October 14, 2013 at 9:53 PM by Dr. Drang
The system I described in this post for setting location-based reminders to alert me to look at my shopping lists when I’m in any one of a number of grocery or hardware stores has been helpful, but getting the locations set up correctly wasn’t nearly as easy as I thought when I wrote that post. The problem lies with both the limitations of setting locations in the Reminders app and, as you might have guessed, the deficiencies in Apple’s Maps data.
I haven’t complained much about Maps. It’s true that its database of points of interest is weak, and it’s frustrating to see the locations of restaurants still wrong a year after I sent in corrections (so much for improvements through crowdsourcing); but when I’ve given Maps an address and asked for directions, the directions have generally been pretty good. But “pretty good” for driving directions doesn’t have to be all that accurate. Being 500 feet off means nothing when I’m driving to a destination; as long as Maps gets to the right street and within a block or so, I’ll get where I want to go. In fact, I switch off Siri’s turn-by-turn instructions when I get close to a destination because she won’t shut up when I’m driving around near the address looking for a parking spot.
Being 500 feet off for a location-based reminder, on the other hand, can mean not getting the reminder. The day after I created my first set of reminders and wrote that post, I went to a local hardware store and did not get the reminder to look at my hardware shopping list. Here’s why:
I assigned the reminder to the correct Menards address, but Maps puts that address south of the store, which is the black-roofed building in the screenshot. Had I approached Menards from the south along Fort Hill Drive, the reminder would have sounded as drove there, but because I came from the north and west, I never got the alert, even when I was in the building.
Reminders allows you to set a radius for location-based reminders, and I could have increased the radius from its default to encompass the building and its parking lot. But doing so would make the alert sound far more often than I’d like. I wanted a different solution.
I decided to drop a pin at the front door of each store and assign that location to a contact. Here’s one for a grocery store:
The address Maps gave for that location was nonsense.
As far as I know, there is no West Madison Street anywhere in Naperville, and there certainly isn’t one near that Jewel. But I figured if that’s what Maps thinks the address is, it will at least recognize that location and be internally consistent. I was, of course, wrong. Tapping on that address in Contacts got me this:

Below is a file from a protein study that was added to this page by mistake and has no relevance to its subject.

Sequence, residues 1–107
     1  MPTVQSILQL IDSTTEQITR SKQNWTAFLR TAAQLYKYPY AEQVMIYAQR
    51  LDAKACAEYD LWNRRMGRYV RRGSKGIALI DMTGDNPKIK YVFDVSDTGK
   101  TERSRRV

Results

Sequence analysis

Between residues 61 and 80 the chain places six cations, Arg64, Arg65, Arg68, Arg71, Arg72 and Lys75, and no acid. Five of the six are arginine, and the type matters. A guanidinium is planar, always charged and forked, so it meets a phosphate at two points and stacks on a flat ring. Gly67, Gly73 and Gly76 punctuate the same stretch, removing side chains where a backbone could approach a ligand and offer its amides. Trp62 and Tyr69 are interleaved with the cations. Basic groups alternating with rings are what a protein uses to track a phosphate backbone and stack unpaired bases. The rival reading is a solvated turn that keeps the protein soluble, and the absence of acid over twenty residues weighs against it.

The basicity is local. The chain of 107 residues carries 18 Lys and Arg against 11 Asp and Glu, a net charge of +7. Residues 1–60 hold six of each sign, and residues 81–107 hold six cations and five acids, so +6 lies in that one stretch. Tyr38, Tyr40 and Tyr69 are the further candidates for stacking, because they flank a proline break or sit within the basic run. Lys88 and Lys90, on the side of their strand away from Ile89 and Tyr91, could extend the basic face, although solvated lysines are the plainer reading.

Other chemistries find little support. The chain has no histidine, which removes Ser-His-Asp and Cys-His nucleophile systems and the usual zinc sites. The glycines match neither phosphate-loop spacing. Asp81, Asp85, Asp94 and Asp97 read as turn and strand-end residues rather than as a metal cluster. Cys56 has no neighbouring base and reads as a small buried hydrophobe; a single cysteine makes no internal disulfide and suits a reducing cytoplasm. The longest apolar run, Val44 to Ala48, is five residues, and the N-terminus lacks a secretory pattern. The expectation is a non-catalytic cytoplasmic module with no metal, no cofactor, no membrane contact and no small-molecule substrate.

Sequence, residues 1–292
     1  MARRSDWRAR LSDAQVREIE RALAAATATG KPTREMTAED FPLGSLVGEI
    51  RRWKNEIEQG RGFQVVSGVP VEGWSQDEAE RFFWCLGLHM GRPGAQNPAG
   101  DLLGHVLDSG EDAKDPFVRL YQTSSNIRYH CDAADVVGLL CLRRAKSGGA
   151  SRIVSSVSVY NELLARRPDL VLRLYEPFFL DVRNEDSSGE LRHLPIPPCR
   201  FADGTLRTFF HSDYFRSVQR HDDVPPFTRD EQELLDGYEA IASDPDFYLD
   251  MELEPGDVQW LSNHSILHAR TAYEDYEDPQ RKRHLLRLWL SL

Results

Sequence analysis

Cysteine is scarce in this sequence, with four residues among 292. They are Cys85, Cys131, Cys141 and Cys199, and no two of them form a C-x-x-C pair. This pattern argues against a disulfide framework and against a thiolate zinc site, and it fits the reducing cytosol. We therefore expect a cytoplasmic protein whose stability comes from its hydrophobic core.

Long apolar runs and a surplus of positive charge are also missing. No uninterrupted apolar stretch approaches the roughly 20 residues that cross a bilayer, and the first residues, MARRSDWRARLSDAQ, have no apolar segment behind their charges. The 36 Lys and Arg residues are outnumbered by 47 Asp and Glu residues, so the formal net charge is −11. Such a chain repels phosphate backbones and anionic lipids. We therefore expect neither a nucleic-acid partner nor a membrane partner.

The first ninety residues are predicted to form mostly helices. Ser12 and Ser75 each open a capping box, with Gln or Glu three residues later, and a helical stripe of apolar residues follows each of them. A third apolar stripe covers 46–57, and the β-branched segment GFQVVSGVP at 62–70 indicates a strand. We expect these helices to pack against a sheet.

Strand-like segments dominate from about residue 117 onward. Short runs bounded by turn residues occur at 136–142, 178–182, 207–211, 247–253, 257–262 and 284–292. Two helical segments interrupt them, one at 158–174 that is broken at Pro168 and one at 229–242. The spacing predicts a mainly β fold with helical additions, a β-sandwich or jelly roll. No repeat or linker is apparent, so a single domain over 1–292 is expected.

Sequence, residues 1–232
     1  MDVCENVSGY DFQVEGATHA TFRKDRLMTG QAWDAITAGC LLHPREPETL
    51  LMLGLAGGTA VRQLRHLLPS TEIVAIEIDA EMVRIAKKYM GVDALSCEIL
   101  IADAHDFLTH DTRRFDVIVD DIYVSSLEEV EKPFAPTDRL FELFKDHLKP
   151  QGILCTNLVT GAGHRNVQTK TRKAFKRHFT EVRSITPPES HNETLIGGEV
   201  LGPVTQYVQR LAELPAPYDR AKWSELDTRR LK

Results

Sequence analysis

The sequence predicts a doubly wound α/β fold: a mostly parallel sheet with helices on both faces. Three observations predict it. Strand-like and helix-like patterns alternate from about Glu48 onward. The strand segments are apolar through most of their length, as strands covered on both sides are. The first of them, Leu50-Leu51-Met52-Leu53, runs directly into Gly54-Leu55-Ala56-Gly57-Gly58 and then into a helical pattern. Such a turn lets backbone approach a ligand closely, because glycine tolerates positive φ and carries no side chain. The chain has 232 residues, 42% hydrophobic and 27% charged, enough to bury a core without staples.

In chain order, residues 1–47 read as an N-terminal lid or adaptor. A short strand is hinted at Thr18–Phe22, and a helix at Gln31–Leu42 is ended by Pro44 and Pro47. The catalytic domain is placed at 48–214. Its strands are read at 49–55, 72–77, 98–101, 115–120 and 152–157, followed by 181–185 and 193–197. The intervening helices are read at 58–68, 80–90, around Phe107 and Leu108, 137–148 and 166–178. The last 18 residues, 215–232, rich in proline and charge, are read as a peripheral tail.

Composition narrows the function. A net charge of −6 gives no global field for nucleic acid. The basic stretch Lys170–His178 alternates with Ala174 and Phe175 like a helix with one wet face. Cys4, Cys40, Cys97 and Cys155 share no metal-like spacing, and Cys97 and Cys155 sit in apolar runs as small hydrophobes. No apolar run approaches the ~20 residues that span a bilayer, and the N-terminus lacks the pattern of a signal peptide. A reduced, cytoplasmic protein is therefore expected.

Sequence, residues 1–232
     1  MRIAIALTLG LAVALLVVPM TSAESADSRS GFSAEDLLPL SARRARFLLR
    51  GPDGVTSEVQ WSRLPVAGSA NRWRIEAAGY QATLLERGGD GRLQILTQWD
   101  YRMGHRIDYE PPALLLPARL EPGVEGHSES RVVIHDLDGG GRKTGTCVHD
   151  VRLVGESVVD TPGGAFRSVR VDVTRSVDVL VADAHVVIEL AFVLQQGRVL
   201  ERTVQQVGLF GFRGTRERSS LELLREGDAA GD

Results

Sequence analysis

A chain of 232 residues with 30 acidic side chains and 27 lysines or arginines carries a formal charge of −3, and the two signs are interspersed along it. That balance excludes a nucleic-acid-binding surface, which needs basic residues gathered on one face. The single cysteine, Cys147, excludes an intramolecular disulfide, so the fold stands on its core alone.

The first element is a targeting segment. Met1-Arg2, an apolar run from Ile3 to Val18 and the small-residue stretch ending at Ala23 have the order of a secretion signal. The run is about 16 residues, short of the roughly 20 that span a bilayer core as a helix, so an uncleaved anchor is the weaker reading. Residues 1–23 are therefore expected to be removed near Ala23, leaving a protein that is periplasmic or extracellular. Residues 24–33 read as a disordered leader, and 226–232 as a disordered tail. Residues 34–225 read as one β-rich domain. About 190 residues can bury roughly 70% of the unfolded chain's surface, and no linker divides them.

That’s right. Maps couldn’t find an address that it itself had given me.
Even weirder, when I tried this same procedure another time—dropping the pin near the front door of the store and saving that location as the address of the Jewel—Maps would later find the address. Unfortunately, where it put that address was 2–3 miles from the store and the dropped pin.
This does not inspire confidence. By the way, there’s no West Madison Street at that location, either.
The fundamental problem here is that Maps is taking a location that’s given as the longitude and latitude of the dropped pin and converting it into a street address for the Contacts app. Because the Maps database is weak, that conversion doesn’t always work out. As it happens, the types of locations I was interested in—stores in shopping centers—often have weird addresses because they’re so far off the street. The correspondence between their addresses and locations isn’t as amenable to algorithmic conversion as would be found in a residential area on a nice rectangular grid.
It’s not all Maps’s fault, though. Reminders shows a little map when you’re setting a location-based reminder—that’s how you’re able to set the radius of the alert. If it let you drop a pin on that map, you wouldn’t have to worry about addresses. Reminders could just store the location as a longitude/latitude pair and alert you when your location is within the radius. But Reminders doesn’t include that little affordance.
The closest thing to the ability to drop a pin is to use the Current Location option when setting a reminder’s location.
To use this option, of course, you have to go to where you want the reminder’s location to be set, which is sort of like using yourself as a dropped pin. Hardly optimal, but that’s exactly what I did.
Over the course of a couple of days, I drove to each of the grocery and hardware stores on my way to or from work, stopped near the front door, and set the location of a reminder. Now I have a new set of locations in my Stores list, most of which have nonsensical addresses, but all of which send me an alert when I’m near the store.
How can this feature be so poorly implemented? I can think of two possibilities:
- The programmers and testers only tried locations that Maps understands well. For about a year, I’ve been using location-based reminders set to my home and office, and they’ve always worked well because Maps knows exactly where they are.
- The programmers and higher-ups at Apple don’t use location-based reminders enough to understand how crappy it can be. Features that get used seriously by the people who can influence them always seem to be more polished. Can you imagine Steve Jobs putting up with the nonsense I just put up with?